Employers view… The CBI Higher Education Task Force indicates that employers are least satisfied with new graduates’ – self-management, – communication skills and – business awareness (CBI, 2009) According to the CBI, ‘62% of entrants to the IT sector require managerial and professional business skills almost immediately’. CBI higher education taskforce report – Stronger together: Business and universitiesin turbulent times, 2009, http://highereducation.cbi.org.uk/uploaded/CBI_HE_taskforcereport.pdf CBI - Confederation of British Industry
Our ChallengeThere is a clear indication that science and engineering students, ingeneral, lack employability skills (King 2002) and they have themisconception that these skills are not necessary in industry.Students often arrive at university – with a limited perception of a career they wish to pursue – lacking a clear view of the IT sector’s needsHow can we make sure that our programmes include specific skillsets required by industry and cope with the changing needs of thejob market?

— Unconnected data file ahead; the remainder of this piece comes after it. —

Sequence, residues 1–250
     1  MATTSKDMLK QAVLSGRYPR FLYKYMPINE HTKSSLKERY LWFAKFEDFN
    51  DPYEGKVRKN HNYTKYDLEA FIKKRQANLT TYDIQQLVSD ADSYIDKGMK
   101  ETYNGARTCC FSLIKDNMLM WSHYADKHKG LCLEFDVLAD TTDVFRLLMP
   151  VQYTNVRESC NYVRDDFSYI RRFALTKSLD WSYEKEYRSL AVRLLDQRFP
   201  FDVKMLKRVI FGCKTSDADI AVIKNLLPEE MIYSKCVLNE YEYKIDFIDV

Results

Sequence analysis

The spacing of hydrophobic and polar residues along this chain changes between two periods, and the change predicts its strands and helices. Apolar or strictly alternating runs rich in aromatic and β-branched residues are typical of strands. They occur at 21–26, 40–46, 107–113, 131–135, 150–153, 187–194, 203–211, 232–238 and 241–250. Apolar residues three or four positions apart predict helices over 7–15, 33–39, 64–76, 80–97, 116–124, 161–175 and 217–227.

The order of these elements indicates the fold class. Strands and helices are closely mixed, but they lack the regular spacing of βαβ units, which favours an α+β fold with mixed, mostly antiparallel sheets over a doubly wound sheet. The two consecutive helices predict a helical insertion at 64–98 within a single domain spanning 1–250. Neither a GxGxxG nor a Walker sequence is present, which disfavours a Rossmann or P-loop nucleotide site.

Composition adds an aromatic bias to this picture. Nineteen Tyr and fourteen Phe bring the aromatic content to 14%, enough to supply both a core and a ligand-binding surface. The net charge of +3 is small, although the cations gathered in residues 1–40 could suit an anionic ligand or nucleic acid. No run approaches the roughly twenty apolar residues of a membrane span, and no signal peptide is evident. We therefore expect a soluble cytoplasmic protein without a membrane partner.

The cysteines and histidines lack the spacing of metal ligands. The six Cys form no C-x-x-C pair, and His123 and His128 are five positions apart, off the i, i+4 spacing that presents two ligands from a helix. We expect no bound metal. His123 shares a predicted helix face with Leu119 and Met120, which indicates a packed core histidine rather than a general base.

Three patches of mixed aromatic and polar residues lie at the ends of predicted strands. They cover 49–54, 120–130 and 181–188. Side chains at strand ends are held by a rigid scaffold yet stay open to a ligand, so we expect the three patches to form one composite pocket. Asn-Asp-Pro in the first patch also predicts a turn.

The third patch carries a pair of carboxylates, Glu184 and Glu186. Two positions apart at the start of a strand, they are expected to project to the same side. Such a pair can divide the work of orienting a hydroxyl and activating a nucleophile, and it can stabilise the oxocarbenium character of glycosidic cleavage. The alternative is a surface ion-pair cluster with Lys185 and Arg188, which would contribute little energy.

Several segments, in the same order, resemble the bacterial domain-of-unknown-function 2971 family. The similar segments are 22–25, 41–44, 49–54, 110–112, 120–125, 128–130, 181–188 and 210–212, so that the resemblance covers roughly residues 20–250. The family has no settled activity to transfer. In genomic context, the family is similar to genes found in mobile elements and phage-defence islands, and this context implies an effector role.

To tackle this problemIn the School of Science and Technology (SAT), we have formed anintra-university team and our collaborative work has aimed at:• Integrating the specialist input, appropriate for the science and engineering students’ needs, offered by central units directly into the curriculum;• Ensuring that staff are aware of the relevance of the sessions to their modules and, by tying sessions into module related case studies and projects bring together the expertise and experience of subject specialist staff and skills and support specialists.
There is no one approach for embedding employability across a curriculum. Thereare various methods, which may be adopted (York and Knight 2006):• Employability through a whole curriculum• Employability through a core curriculum• Employability related modules within a curriculum• Work-based or work related learning within a curriculum• Work-based or work related learning incorporated as one or more components in a curriculumOur approach to embedding employability within the existing programmes in theSchool of SAT has utilised two of the above methods.
The CBI EmployabilityCompetencies The CBI defines employability as “A set of attributes, skills and knowledge that all labour market participants should possess to ensure they have the capability of being effective in the workplace – to the benefit of themselves, their employer and the wider economy”Slide 9 19/03/2013
Step 1• CBI* employability guidelines were mapped onto LDU and LR academic and professional development activitiesCBI* employability guidelines Mapping carried out by LR Mapping carried out by LDU 19/03/2013